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Morry Blankespoor

By Sally Jongsma

Morry Blankespoor’s (’66) response to being named a 2008 Distinguished Alumnus was an incredulous, “Why Me?”—which may say something about why he was selected. A well-respected and loved English teacher, he retired in 2005 after forty years of teaching in high school, just prior to his third hip replacement surgery. He figured it would be easier for the school not to have to hire a long-term replacement when he was so close to retirement.

Morry Blankespoor

Morry Blankespoor

Blankespoor says he became more comfortable with his award when he began thinking of himself as representing the thousands of alumni who “get up and get ready for work every day and try to be salt and light,” rubbing shoulders with the people they come into contact with.

Growing up in Northwest Iowa, Morry enrolled at Dordt College in 1960. After a severe accident kept him out of school much of his junior year of high school, he had become an avid reader. Back in school for his senior year, he recalls sitting in English class under Dr. James Koldenhoven, later a professor at Dordt, thinking, “that guy loves his job so much.”

“He became a model,” says Blankespoor.

But attending college was a privilege that not everyone could afford in 1960. Dordt was a junior college at that time and, after two years, instead of transferring somewhere else, Blankespoor’s father suggested that maybe he should teach for a year or two to find out if it was what he really wanted to do. Iowa schools allowed people to teach after 75 credits of college at that time. He taught for two years in Oskaloosa, Iowa—the second year acting as principal as well. Still, it was enough to convince him that he did want to finish his college degree and teach English. He returned in 1964, after Dordt moved to a four-year curriculum.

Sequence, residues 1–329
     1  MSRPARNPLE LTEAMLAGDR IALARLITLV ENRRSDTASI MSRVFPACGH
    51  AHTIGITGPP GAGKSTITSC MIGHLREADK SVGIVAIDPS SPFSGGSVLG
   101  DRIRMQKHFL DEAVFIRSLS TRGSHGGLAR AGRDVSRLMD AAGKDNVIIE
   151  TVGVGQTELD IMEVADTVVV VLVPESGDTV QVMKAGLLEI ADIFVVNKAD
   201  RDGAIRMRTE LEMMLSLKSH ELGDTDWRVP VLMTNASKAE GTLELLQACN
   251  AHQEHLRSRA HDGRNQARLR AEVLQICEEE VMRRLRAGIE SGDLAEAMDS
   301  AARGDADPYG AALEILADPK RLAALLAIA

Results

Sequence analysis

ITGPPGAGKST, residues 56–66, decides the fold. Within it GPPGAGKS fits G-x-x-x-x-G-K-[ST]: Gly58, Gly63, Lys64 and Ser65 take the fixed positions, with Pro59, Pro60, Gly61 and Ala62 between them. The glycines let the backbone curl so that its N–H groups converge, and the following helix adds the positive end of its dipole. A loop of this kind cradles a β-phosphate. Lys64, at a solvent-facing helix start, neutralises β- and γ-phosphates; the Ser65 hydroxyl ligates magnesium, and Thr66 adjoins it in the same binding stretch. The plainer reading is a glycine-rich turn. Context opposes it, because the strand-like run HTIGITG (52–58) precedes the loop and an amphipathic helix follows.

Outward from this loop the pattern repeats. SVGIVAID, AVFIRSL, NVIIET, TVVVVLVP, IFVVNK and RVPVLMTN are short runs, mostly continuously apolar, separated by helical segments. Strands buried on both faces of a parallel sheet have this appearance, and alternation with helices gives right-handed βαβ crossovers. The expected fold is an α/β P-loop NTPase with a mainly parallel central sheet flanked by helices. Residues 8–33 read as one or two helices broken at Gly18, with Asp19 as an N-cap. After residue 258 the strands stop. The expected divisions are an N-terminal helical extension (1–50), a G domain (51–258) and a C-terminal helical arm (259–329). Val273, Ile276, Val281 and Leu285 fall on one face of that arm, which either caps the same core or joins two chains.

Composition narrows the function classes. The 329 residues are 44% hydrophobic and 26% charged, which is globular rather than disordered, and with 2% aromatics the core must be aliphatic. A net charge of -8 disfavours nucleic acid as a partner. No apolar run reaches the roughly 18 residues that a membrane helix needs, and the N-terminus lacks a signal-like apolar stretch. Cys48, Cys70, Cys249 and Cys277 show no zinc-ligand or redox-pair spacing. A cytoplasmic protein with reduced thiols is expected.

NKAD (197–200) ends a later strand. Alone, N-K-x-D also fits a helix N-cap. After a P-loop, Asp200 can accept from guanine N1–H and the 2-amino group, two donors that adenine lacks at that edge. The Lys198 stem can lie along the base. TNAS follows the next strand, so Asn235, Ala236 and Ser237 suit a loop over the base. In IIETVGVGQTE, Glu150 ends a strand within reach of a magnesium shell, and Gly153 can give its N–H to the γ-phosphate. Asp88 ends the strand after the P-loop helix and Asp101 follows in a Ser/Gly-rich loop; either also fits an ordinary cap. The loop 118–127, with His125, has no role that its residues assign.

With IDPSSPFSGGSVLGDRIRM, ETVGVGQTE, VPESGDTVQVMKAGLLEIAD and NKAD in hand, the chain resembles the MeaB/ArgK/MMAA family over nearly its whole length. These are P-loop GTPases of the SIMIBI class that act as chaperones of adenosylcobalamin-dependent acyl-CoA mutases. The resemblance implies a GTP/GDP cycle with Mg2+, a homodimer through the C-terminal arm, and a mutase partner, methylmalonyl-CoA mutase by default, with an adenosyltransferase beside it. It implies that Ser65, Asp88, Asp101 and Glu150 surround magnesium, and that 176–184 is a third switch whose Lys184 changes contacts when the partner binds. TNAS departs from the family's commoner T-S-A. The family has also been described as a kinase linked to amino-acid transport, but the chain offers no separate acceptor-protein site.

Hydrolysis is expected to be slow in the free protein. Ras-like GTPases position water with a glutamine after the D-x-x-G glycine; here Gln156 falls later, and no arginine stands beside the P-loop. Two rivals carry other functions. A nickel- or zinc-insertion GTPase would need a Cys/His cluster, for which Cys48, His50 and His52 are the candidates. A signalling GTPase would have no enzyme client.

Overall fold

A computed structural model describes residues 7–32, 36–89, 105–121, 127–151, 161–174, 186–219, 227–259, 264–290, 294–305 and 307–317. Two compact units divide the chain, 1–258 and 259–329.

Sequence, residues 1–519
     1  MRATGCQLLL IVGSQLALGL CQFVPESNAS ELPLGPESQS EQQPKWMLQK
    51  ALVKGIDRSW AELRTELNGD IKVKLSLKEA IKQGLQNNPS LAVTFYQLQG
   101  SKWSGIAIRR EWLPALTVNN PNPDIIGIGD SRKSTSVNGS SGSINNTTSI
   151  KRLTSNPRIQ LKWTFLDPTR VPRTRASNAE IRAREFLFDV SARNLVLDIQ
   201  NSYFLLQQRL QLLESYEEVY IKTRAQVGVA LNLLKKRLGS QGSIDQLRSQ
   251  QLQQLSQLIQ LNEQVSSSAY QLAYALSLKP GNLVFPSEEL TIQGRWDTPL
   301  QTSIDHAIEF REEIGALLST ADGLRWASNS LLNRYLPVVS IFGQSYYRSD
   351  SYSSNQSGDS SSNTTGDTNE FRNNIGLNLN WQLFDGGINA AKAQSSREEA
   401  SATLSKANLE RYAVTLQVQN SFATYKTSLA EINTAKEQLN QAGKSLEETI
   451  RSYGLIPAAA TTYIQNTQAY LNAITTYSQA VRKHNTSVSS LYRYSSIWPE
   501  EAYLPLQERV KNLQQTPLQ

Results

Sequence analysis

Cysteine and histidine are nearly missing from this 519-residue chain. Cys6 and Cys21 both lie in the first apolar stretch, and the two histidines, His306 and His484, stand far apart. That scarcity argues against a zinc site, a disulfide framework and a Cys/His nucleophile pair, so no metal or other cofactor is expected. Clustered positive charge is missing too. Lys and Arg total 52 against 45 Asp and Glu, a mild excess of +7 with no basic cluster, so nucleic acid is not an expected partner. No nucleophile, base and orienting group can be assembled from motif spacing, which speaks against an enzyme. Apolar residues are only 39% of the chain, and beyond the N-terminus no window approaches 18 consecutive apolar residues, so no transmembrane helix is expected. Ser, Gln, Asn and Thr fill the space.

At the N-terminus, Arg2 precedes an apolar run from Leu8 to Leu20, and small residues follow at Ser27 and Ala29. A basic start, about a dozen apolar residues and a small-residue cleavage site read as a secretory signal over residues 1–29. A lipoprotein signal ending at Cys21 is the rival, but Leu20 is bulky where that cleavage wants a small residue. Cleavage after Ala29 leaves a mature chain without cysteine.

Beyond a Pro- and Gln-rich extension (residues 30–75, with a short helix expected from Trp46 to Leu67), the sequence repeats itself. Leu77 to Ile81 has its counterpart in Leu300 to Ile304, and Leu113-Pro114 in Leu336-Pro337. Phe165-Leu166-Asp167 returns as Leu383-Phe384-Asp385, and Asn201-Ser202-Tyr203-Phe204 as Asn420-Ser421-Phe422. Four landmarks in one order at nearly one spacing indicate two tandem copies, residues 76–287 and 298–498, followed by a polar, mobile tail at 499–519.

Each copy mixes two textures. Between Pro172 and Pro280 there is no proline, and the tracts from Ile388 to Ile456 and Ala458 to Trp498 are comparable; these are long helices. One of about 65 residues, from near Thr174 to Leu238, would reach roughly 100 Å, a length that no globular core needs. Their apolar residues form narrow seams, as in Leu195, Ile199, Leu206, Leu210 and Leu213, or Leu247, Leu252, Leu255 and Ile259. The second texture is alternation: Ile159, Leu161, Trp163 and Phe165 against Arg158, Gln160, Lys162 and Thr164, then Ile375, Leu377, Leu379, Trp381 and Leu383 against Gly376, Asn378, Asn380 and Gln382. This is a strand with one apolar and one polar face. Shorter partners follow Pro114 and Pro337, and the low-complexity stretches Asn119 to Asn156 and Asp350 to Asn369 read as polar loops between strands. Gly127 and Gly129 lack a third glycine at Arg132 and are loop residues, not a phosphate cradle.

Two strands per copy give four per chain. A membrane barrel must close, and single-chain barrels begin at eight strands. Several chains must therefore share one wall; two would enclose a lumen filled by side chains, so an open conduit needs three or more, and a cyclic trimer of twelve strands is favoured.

He has continued to enjoy teaching, even though he’d be the first to admit that he enjoys the occasional snow day break.

People sometimes believe that teachers have it made with summers off and school out at 3:00 in the afternoon. But Blankespoor notes how many people leave teaching after a few years. “It’s very hard work and takes a lot of energy.” He cites keeping up with students’ worlds, taking tickets at ball games, and doing the increased paperwork required by law today as adding to the continuing challenge of being a fresh classroom teacher.

“You really have to have a love for kids and for seeing their curiosity grow,” he says, adding that being a good teacher requires sensitivity to individual needs. He also believes students need authentic relationships with adults. “When you walk down the hall you need to meet their eyes, engage them, attend their events, be interested in them—but not be their buddy.”

“A student once asked whether I got bored teaching the same stuff year after year. No, I don’t. Every year, students have new insights; every year, I learn from my students, too,” Blankespoor says.

“It doesn’t really get a lot easier over time because you must constantly look for ways to relate to the students in your class. What works for one class doesn’t work for another,” he says.

He has noticed some differences over the years: students are more open about expressing their faith today; they’re dealing with lots of issues including pregnancies and family break up; they have been influenced strongly by the culture around them; and they work a lot.

“It’s harder to convince kids today that this is their job,” he says about school.

Blankespoor spoke briefly at an alumni banquet honoring this year’s Distinguished Alumni, providing inspiration and warm memories for those who attended.